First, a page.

authorized by the Rules and that such service was a nullity.
Court could therefore - so he submitted - not have condoned the
non-compliance with the Rules. I don't agree. The authority
counsel referred us i.e. Superior Court Practice - Erasmus - at B174
- 175 does not support this contention neither do
the Rules. Rule 4
to which he referred us, is directed at regularizing the service of
process "directed at the sheriff'. The
provisions of Rule 5
(dealing with the service of documents outside Lesotho) regulates the
service of process or documents "whereby
instituted". It must be borne in mind that we are dealing with a
step in the proceedings which had reached
a stage where not only a
summons and a declaration had been issued but also a plea and
counterclaim filed. As pointed out above
the pleadings had
subsequently been closed, a settlement had been negotiated, although
had repudiated it. The process served by registered post was not a
process directed to the sheriff, but a notification of
the date of
the hearing. The address which appellant's attorneys had nominated
was the one the respondent adverted to and could
only be effected by
indirect means such as a registered letter. The court should
therefore have regard to all the circumstances
and then determine
whether it was reasonable for the respondent's attorneys to notify
the appellant of the date of the hearing
through the means they
employed. In the particular and somewhat extraordinary circumstances
set out above, it is our view that
it was not unreasonable for the
respondent's attorneys to serve the appellant with the notice of set
down in the manner they did.
is however clear that the appellant's application for rescission
should in any event not have been tolerated because
indeed no irregularity perpetrated by the respondent in serving the
notice of set down as she did. Neither counsel referred
us to the
provisions of Rule 15 of the Rules which prescribes the procedure to
be followed when an attorney's mandate is terminated
or he ceases to
act for the party concerned. This Rule reads as follows:
"15. (1) Any party bringing or defending any proceedings in
person may at any time appoint an attorney to act on his behalf,
shall file a power of attorney and give notice of his name and
address to all other parties to the proceedings.
any party represented by an attorney in any proceedings may at any
time, subject to the provisions of Rule 16, terminate
attorney's authority to act on his behalf, and thereafter he may act
in person, or may appoint another attorney to act for
him in the
party acting in terms of sub paragraph (a) of this sub-rule shall
forthwith give notice to the Registrar and to all other
the termination of his former
attorney's authority, and if he has appointed another attorney to act
for him, of such attorney's name and address. The attorney
appointed to act shall forthwith file with the Registrar a power of
attorney authorizing him so to act. If no further attorney
appointed to act for the party, such party shall in the notice of the
termination of his former attorney's authority as aforesaid,
notify the Registrar and all other parties of an address within 5
kilometres of the office of the Registrar for the service
on him of
all documents in such proceedings.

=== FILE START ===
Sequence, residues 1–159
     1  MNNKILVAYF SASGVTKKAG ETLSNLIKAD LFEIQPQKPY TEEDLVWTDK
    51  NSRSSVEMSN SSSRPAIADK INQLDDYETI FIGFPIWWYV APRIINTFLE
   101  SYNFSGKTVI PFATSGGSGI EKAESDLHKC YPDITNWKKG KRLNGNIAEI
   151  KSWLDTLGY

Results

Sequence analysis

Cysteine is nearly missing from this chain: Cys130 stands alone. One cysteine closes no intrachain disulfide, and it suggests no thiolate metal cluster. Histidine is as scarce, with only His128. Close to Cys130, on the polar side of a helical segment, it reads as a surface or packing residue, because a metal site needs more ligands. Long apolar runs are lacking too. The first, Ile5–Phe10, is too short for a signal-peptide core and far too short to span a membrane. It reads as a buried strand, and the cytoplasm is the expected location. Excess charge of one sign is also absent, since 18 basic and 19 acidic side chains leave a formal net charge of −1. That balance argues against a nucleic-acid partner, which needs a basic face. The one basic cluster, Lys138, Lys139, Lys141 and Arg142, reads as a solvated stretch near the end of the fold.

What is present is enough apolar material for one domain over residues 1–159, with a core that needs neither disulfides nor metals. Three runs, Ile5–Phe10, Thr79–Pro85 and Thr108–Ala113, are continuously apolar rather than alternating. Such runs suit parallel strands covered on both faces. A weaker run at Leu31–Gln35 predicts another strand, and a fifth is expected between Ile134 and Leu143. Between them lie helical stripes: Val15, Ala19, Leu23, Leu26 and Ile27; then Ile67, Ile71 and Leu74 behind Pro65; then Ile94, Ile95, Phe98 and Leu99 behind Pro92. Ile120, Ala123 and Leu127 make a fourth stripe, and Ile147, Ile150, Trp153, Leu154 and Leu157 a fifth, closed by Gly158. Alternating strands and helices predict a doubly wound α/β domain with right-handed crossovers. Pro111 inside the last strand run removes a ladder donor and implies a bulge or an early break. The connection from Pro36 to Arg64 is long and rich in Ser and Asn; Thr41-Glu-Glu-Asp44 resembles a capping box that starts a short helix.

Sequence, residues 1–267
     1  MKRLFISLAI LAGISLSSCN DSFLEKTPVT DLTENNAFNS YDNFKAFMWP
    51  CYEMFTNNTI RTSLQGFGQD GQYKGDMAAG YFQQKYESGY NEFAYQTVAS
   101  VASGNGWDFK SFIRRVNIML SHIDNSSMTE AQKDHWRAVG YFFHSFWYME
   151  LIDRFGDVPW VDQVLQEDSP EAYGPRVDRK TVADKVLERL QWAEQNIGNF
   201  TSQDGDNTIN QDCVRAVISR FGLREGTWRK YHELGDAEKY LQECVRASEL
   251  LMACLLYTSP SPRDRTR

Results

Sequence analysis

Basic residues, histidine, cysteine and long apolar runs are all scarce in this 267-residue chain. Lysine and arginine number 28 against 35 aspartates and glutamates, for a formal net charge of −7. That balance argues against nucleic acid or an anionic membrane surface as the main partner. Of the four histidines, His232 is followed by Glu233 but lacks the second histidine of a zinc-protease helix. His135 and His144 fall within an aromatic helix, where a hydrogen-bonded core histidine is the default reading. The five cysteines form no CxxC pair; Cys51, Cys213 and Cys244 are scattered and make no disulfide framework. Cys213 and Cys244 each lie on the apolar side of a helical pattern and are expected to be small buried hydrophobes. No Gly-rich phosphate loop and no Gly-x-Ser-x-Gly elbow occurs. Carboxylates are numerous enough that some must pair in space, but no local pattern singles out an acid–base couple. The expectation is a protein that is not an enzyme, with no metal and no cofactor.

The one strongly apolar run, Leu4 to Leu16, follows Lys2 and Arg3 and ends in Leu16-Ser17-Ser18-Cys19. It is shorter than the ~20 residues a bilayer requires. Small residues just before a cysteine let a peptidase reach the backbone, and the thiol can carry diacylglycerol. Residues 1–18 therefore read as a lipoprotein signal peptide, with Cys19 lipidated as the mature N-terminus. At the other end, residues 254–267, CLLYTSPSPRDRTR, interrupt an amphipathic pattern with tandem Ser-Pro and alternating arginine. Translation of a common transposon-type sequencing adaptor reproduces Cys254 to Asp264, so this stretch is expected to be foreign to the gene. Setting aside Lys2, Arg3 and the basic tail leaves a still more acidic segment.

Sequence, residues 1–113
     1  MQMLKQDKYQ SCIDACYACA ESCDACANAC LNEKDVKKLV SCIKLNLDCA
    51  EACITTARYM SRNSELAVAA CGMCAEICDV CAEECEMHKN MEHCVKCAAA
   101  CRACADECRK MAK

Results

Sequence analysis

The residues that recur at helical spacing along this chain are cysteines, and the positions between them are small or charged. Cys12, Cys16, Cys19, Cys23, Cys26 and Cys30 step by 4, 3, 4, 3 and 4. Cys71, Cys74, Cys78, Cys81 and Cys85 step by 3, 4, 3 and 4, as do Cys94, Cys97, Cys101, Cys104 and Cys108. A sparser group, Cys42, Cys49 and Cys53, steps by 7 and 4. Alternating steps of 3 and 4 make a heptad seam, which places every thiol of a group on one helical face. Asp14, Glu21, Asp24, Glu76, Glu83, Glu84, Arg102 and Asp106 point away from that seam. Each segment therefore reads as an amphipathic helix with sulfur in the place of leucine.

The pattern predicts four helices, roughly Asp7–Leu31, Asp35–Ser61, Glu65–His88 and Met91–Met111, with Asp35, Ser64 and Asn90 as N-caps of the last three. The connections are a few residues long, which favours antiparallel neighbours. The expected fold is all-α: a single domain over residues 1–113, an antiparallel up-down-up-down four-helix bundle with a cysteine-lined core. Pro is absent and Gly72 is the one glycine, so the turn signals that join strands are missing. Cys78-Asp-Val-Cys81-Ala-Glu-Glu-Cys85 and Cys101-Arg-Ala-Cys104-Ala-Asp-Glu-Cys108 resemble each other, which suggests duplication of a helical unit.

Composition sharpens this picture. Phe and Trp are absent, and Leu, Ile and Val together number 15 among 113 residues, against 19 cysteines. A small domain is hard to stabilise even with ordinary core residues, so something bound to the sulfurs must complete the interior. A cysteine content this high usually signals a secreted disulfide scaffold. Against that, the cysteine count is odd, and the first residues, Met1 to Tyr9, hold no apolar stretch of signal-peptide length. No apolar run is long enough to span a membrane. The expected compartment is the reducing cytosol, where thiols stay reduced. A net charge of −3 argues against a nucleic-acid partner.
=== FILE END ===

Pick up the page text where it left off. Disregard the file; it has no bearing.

receipt of a notice in terms of sub-rule (1) or (2) the address of
the attorney or of the party, as the case may be, shall
address of such party for the service upon him of all documents in
such proceedings, but any service duly effected
receipt of such notice shall, notwithstanding such change, for all
purposes be valid.
an attorney acting for any party ceases so to act he shall forthwith
notify the Registrar and all parties accordingly. The
to the Registrar shall specify the date when, the parties to whom
and the manner in which the notification was sent
to all parties,
shall be accompanied by a copy of the notification so sent.
notification shall be of the same force and effect as a notice under
sub-rule (2). Provided that unless the party for whom
was acting himself within 3 days notifies all other parties to the
proceedings of a new address for service, it shall
not, save in so
far as the court otherwise orders, be necessary to serve the
documents on him". (Emphasis added).
recorded above, no notice recording the withdrawal of appellant's
attorneys Messrs. G.G. Nthethe & Co. was filed with
despite appellant's averment that it was. It is common cause that
appellant's attorneys withdrew on the 24th of August
appellant was therefore himself obligated to notify the respondent
within 3 days of a new address for service and in
the event of his
failure to do so, there was no obligation on the respondent to serve
documents on him. See sub-rule 15(4) and
more particularly the words:
"Provided that unless.......be
to serve documents on him." The appellant was the architect of
his own downfall by acting as irresponsibly as he
did when conducting
these reasons I am of the view that the court a quo was correct in
refusing to grant a rescission of the orders of divorce,
costs on the grounds of the manner in which service was effected.
There was no cross-appeal by the respondent and we
not called upon to adjudicate on the correctness of the decision of
the court in respect of the orders rescinding
the awards of
maintenance and forfeiture. These matters, it would appear, still
need to be resolved, hopefully not by further fruitless
litigation but by wise negotiation and compromise.
Appellant's counsel, quite correctly abandoned any submissions
challenging the decision to grant a divorce on the grounds that
adultery was not proved. We were seized only with an application for
a rescission of the Court orders on the grounds stated
these reasons the appeal is dismissed with costs.
Officio JUDGE OF APPEAL
Appellant : Mr. N. Mphalane
Respondent: Mr. S. Phafane